Is that an iPod on your wrist?

I know you’re not going to believe this, but amid the mobile-device revolution of the past ten years, one of the most important spaces in the digital world has been almost entirely ignored.

I am talking, of course, about the wrist.

That’s right: take a look at that watch you’re wearing. (Or perhaps think back to when you once wore one.) It’s essentially a uni-tasker. It does one thing: tell you the time and date. In this world of connected digital devices, your wrist is the equivalent of empty beach-front property.

Sure, there have been efforts. A few years ago, Microsoft launched an initiative to create a set of connected, digital devices that could display information simply and highly glanceable format. The initiative was called SPOT (Smart Personal Object Technology), and the initial design for the devices were a series of wristwatches.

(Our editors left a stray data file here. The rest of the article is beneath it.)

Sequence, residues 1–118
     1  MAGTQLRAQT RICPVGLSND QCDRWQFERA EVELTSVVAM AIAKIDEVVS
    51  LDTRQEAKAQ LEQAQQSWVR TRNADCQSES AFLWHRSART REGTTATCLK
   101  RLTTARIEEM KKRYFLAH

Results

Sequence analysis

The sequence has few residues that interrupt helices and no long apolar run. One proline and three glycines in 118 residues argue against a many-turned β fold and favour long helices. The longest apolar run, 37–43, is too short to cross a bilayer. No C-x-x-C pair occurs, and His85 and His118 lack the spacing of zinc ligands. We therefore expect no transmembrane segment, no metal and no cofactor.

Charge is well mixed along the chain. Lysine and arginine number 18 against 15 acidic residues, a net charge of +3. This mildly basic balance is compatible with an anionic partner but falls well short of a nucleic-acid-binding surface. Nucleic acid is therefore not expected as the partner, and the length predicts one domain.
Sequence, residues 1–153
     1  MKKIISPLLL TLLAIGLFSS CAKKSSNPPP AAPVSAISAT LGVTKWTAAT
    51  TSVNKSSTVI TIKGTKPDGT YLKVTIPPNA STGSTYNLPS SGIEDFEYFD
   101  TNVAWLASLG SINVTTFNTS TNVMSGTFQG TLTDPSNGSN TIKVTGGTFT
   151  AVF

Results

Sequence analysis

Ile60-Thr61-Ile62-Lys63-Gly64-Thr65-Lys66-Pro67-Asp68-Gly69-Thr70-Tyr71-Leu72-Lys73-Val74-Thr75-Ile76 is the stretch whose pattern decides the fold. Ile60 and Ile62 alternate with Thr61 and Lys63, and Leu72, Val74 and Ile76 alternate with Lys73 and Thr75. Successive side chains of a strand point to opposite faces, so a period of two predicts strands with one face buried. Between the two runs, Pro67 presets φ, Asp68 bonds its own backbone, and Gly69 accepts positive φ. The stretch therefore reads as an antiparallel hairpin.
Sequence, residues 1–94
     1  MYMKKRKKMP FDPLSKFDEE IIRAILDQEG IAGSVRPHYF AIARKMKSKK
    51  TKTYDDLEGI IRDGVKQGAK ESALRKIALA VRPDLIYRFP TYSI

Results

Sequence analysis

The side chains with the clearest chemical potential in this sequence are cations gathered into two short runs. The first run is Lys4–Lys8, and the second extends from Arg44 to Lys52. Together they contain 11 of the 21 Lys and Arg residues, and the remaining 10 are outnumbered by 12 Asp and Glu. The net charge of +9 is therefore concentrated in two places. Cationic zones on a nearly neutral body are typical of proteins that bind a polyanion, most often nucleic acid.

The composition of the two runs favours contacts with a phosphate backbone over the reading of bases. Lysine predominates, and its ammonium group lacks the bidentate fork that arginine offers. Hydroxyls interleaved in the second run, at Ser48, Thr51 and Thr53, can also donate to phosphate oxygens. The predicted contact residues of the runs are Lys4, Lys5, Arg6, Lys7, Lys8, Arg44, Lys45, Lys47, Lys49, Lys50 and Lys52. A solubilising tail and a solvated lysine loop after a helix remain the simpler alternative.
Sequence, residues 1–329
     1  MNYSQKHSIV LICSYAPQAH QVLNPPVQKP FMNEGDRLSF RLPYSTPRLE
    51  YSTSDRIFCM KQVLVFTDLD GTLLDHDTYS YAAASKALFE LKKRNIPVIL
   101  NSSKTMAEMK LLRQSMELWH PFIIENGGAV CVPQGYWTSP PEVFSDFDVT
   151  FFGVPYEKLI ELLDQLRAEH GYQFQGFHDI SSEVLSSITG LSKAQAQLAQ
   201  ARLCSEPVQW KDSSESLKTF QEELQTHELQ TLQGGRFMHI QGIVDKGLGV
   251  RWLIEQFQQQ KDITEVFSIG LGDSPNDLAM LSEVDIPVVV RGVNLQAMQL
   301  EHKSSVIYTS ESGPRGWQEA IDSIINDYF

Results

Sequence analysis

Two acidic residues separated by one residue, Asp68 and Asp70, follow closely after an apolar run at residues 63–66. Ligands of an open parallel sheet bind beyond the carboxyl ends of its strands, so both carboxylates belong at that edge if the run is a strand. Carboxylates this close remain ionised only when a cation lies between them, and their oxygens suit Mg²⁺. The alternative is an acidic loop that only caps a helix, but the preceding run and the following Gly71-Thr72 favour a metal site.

Sadly, the SPOT watches never really caught on and are no longer available today. It seems Microsoft has largely abandoned the effort. That’s a shame. Even though the first implementations were less than stellar, there’s much that can be done in this space to ultimately make it a success.

That’s why when Apple introduced the last iteration of the iPod nano, I was so interested. When I first saw it, my first thought was, “This could be turned into a watch!” No less than Steve Jobs himself made this connection, with a throwaway line at the iPod nano’s introduction.